Facebook, Feds Oppose EPIC's Attempt To Intervene In $5B Privacy Settlement

Facebook and the Justice Department are fighting an attempt by Electronic Privacy Information Center (EPIC) to intervene in a proposed privacy settlement.

The proposal, announced late last month, would require Facebook to pay $5 billion and accept new oversight on privacy. The FTC voted 3-2 in favor of the deal.

Last week, EPIC, a privacy advocacy group, sought to intervene in the settlement, arguing that it isn't strong enough to ensure the privacy of Facebook users.

EPIC also contends that it should be able to intervene because the settlement potentially "extinguishes" prior complaints it made to the FTC about Facebook.

On Monday, the DOJ and Facebook filed papers opposing EPIC's request, arguing that its disagreement with the terms of the deal doesn't justify intervention.

“EPIC now seeks... to place itself in the government’s shoes because it wishes the stipulated order were different,” DOJ wrote in the filing with U.S. District Court Judge Timothy Kelly in the District of Columbia. “Government settlements of enforcement actions are accorded deference and may not be disrupted merely because a third party dislikes the settlement terms.”

Facebook joined in the DOJ's argument, and also filed separately in opposition to EPIC's motion. “Although EPIC may be interested in the subject matter or outcome of this case as a consumer advocacy organization focused on privacy issues, EPIC does not have a legally protected interest in the resolution of this action,” Facebook wrote.

If approved, the settlement will resolve an FTC investigation into whether the social networking platform violated the terms of a 2012 consent decree. That earlier order prohibits Facebook from misrepresenting its privacy practices and the extent to which it makes users' information available to third parties.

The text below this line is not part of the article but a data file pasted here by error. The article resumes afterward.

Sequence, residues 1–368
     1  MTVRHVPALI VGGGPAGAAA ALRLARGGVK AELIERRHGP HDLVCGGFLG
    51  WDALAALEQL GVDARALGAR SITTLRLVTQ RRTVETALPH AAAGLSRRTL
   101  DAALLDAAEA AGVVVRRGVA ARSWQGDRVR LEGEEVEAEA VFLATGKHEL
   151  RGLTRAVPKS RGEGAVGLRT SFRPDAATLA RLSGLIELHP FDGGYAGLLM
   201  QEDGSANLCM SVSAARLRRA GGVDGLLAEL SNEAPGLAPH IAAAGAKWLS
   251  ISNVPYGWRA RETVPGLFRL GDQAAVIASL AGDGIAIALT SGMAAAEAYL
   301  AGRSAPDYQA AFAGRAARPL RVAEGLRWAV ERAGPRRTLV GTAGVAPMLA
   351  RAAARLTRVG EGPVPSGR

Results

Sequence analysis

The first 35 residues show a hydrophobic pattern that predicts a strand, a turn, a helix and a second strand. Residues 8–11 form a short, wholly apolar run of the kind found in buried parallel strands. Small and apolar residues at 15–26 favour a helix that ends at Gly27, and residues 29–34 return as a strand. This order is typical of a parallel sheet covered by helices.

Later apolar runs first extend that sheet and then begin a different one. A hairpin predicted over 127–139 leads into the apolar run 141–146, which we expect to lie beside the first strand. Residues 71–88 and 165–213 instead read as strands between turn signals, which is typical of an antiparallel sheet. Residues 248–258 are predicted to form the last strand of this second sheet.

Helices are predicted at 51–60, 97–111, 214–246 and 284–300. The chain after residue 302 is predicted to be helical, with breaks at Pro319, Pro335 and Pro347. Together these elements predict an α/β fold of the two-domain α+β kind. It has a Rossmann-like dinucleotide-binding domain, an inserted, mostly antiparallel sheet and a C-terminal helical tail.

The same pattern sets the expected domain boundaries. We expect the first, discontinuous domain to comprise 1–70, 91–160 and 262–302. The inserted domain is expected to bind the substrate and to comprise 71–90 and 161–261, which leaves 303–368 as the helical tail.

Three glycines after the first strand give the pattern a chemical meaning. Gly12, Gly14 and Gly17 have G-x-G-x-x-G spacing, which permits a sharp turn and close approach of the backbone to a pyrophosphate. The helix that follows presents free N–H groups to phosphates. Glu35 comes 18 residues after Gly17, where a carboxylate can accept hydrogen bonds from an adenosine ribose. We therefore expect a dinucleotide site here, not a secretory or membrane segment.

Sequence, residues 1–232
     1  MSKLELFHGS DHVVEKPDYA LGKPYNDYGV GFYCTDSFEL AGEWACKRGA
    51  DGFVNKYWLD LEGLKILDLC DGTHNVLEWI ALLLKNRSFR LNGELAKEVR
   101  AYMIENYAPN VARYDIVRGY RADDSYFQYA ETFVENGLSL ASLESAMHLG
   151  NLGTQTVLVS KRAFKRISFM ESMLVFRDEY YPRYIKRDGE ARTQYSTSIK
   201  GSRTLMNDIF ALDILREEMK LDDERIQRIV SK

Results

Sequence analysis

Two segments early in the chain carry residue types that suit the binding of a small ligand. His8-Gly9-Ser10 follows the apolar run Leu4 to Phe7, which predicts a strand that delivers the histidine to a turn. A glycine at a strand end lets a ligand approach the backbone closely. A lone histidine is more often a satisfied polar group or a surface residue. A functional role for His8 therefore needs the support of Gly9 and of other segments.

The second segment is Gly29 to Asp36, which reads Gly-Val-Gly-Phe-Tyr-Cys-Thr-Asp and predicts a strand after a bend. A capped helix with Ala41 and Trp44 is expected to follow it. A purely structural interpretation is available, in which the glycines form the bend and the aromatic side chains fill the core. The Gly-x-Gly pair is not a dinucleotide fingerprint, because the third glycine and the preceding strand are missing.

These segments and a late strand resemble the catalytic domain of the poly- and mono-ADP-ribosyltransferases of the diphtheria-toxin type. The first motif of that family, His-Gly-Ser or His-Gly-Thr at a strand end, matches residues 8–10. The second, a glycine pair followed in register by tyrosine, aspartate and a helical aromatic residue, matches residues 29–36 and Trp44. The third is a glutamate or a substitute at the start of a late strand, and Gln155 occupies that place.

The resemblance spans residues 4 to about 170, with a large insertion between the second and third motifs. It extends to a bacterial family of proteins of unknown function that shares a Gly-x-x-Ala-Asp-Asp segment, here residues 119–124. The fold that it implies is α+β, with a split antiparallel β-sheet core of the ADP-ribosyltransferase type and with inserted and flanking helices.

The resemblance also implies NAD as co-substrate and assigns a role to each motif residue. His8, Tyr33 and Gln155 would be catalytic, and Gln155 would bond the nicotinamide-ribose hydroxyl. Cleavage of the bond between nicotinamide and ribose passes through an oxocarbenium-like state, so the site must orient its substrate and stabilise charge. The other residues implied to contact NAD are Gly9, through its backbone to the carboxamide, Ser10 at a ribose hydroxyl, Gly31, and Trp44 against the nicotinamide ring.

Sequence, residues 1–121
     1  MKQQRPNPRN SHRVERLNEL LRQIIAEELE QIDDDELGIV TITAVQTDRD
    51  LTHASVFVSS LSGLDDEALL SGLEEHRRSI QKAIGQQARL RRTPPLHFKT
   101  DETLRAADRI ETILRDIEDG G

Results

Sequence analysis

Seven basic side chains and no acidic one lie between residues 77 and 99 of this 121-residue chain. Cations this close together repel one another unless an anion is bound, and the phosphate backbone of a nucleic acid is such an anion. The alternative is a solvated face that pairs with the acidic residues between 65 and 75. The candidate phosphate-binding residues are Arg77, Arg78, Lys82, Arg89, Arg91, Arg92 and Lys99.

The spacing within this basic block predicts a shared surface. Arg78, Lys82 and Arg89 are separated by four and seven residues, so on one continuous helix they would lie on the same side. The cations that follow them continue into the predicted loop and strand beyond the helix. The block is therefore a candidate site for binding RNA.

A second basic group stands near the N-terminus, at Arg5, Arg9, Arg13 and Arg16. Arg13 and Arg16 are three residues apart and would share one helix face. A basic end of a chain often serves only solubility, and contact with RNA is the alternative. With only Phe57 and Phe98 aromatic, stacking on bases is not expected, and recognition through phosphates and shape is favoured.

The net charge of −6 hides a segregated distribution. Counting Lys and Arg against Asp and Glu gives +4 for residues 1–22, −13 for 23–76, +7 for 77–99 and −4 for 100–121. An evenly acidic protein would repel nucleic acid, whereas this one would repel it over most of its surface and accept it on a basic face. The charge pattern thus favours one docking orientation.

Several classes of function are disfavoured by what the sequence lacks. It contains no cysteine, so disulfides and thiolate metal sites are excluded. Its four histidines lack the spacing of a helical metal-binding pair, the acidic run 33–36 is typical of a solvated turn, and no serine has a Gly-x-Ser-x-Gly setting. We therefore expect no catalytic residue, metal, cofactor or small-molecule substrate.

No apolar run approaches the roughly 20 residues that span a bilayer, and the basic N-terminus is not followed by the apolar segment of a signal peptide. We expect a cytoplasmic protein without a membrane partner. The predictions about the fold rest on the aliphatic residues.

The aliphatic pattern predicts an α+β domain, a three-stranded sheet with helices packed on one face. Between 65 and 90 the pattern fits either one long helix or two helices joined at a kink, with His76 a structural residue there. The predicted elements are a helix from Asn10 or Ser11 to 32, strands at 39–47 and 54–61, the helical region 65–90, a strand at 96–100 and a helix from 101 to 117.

The deal would immunize Facebook from FTC prosecutions for a wide range of prior conduct, including privacy violations and consumer-protection violations currently known by the agency, and those that occurred before June 12, 2019.

The full scope of that immunity isn't yet clear. But it could potentially cover numerous complaints made by advocates -- including ones the FTC did not specifically mention in any of the settlement papers unveiled last month.

Since 2012, EPIC has filed five separate FTC complaints about Facebook. In one, EPIC and other advocates alleged that Facebook uses facial recognition technology without people's consent. In another, EPIC and the Center for Digital Democracy protested Facebook's decision to transfer data to itself about users of the WhatsApp messaging service.

If EPIC's request to intervene in the settlement is granted, it would be a party to the government's prosecution of Facebook -- and so have the right to appeal to a higher court if Kelly approves the deal.

The DOJ and Facebook took no position on an alternative request by EPIC to file a friend-of-the-court brief. As a friend of the court, EPIC could weigh in on the settlement, but would not be able to appeal if the deal is granted approval.

EPIC isn't the only advocacy group to criticize the FTC's proposed settlement. 

The Campaign for a Commercial-Free Childhood, which recently argued to the FTC that Facebook's Messenger Kids service doesn't comply with the Children's Online Privacy Protection Act, also voiced objections. CCFC Executive Director Josh Golin recently told MediaPost that the deal's immunity provisions are so "opaque" that the organization didn't even know whether its complaint had been dismissed.

FTC Commissioner Rohit Chopra, who dissented from the decision to approve the deal, also criticized it for a lack of transparency.

The Center for Digital Democracy, which recently filed complaints to the FTC about Facebook, said it may also attempt to get involved in the court proceedings. The group's executive director, Jeff Chester, blasted the government's objection to EPIC's motion to intervene. “The FTC should support EPIC's request, given that they, along with CDD and a few others, brought the original case that led to the first consent decree,” he said.

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